Academic cheating in the 21st century

Yanli Zhang

With the development of high-tech devices, students have more methods and resources than ever to cheat on assignments, in class and on exams.

To face and respond to this growing academic cheating issue, the Los Angeles Community College District (LACCD) Academic Senate created an Academic Integrity Taskforce (AIT) 18 months ago.

AIT members come from all the nine LACCD colleges. They meet five times a year, usually at Valley College, to find solutions for the escalating problem of dishonesty, cheating and plagiarism among college students.

Pamela J. Brown, Ph.D., an AIT member from Pierce College addressed “Best Practices for Promoting Academic Integrity in the Classroom” at an LACCD Senate meeting in May 2006. He said that academic integrity is a top priority of any educator.

According to the most recent survey, released in June 2005 from The Center for Academic Integrity, of almost 50,000 undergraduates on most of more than 60 campuses, 70 percent of students admit to cheating.

Close to one-fourth of the participating students admitted to serious test cheating in the past year and half admitted to one or more instances of serious cheating on written assignments.

“I think cheating is rampant; both students and instructors tell me that,” said Joy McCaslin, Ph.D., vice president of student services at Pierce, who handles cheating and academic dishonesty complains.

Brown commended 31 methods to instructors for academic dishonesty in his speech.

However, because testing and assessment methods vary widely, Brown suggested every instructor visit www.academicintegrity.org and www.4faculty.org to explore the variety of resources the Web sites offer.

Schools should allocate resources to software subscriptions, such as www.turnitin.com and www.plagiarism.org, according to Brown.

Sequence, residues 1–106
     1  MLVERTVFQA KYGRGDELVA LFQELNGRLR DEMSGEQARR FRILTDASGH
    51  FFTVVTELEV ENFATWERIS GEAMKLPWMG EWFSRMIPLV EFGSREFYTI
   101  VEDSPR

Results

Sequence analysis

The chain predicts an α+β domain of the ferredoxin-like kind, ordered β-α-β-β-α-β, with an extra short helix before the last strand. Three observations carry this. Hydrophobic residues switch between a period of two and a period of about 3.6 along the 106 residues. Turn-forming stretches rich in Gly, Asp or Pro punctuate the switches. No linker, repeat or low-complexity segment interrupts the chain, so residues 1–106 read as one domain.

He also sends out e-mails and information every year to let Pierce faculty know about new technologies that help students cheat in the classroom or on exams.

“Technology rapidly changes,” said Brown. “All I can do is read as widely as possible about these new developments, inform our administrators and work with them to mitigate the problem.”

Some students said they have seen their classmates using text messages by cell phone or voice recorders to cheat.

“If someone cheats in the professional or commercial sector as a medical researcher, for example, your career is over,” said Brown.

There are rules for students who cheat at Pierce. McCaslin keeps track of student names.

“For first-time cheating incident, students get a warning and discussion about academic honesty,” said McCaslin. “A second offense results in a suspension.”

If a student is found cheating, then a disciplinary file is set up for that student. Some businesses, four-year institutions and military recruiters do check to see if a student has such a file at college.

Pierce also has a student court, which is organized by Associated Students Organization to address students to concern regarding these and other issues.

All students accused of cheating are protected by due process rights. A committee meets to hear students’ grievance that they have been wrongfully accused of cheating and plagiarism.

“Students cheat on their exams because they are not self-confident,” said Marisa Ingrum, 20, a Pierce student.

“Cheating wouldn’t benefit them,” said Samuel Arias, 17. “They should study hard.”

Both representatives of the school and students said no matter what school does to combat with this issue, academic dishonesty would go on.

Next spring, the LACCD will have a nine-college conference for all faculty in Los Angeles to discuss these new technologies and other academic integrity issues.